Carlos Miller shows why even when police departments get it right on policy, those policies are meaningless in the real world if the officers don’t get adequate training — and if there aren’t consequences for violating that policy, especially when they have an obvious incentive to ignore it.
On the day after Washington D.C. police implemented a new general order stating they must respect the rights of citizens who record them in public, an undercover cop snatched a cell phone from a man who was recording an investigation in public.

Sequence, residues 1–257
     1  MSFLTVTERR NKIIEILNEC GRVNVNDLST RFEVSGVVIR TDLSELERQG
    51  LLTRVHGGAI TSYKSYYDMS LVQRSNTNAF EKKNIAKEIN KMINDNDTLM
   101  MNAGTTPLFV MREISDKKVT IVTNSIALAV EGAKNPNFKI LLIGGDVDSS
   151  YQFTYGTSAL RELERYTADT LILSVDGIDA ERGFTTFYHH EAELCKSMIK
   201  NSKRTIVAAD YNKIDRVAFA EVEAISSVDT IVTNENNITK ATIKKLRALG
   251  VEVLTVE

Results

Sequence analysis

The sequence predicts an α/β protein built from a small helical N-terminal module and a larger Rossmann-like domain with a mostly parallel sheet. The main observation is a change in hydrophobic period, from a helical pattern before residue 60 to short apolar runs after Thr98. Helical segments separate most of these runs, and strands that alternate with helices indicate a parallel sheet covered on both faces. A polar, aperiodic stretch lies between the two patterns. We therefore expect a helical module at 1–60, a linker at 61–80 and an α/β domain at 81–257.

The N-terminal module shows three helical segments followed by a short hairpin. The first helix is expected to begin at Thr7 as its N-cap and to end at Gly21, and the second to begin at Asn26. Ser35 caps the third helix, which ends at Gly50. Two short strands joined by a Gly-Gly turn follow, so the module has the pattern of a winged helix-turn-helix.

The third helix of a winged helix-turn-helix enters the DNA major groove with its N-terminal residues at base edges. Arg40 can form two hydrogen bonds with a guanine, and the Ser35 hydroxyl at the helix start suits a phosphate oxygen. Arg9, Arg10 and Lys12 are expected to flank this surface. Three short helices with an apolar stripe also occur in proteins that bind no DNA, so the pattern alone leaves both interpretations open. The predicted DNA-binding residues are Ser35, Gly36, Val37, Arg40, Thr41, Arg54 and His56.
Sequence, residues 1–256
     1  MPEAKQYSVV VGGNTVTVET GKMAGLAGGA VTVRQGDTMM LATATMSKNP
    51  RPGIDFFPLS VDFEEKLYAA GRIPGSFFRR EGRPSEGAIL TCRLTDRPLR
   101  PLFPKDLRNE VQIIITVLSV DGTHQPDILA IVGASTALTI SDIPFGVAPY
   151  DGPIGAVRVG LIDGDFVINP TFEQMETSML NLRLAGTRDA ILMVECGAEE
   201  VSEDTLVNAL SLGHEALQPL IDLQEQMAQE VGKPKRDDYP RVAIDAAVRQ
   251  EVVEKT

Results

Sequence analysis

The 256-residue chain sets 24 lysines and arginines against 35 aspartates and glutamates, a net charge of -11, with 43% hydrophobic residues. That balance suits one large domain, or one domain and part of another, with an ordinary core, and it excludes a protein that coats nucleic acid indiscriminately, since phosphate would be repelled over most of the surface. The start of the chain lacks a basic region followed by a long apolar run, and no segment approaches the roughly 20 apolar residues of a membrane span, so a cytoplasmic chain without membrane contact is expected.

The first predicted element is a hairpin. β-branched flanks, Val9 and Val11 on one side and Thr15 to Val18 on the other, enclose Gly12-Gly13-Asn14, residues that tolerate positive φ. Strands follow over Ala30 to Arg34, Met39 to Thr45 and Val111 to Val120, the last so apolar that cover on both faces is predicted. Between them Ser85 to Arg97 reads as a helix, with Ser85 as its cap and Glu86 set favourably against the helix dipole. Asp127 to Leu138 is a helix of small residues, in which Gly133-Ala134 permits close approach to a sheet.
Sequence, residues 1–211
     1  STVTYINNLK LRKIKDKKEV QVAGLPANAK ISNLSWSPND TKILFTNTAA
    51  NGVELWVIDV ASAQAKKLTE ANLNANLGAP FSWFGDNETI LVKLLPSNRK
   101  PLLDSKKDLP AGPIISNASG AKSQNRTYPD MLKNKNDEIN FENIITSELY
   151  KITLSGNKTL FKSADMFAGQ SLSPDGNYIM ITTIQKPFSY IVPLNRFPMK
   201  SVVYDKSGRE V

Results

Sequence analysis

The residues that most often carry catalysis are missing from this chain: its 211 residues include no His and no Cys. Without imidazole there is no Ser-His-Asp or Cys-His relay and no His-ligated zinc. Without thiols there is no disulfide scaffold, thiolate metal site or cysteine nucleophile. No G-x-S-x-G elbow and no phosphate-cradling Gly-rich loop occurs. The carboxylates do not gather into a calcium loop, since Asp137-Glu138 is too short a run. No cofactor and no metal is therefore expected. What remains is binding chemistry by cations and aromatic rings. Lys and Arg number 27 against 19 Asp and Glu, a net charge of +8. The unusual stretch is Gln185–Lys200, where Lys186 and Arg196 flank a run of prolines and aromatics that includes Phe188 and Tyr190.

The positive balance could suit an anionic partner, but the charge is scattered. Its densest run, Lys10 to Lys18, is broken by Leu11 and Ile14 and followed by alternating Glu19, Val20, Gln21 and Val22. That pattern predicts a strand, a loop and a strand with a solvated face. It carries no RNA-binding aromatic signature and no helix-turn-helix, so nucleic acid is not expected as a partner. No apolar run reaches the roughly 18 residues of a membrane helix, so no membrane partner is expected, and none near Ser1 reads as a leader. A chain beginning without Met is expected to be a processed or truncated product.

When they finally returned the phone back to Earl Staley later that day, he said his memory card was missing.
Now the ACLU, which assisted in drafting the policy, says that perhaps the officer did not know of the guidelines.
That’s still no excuse.
No, it isn’t. It isn’t enough to just put out a policy statement. Every officer in the department must be trained on compliance with the new rule, and they must know that there will be consequences if they violate it. There is a very clear incentive for an officer to ignore this rule to protect themselves, so the rule has to have some teeth or it’s going to be ignored when it is needed most.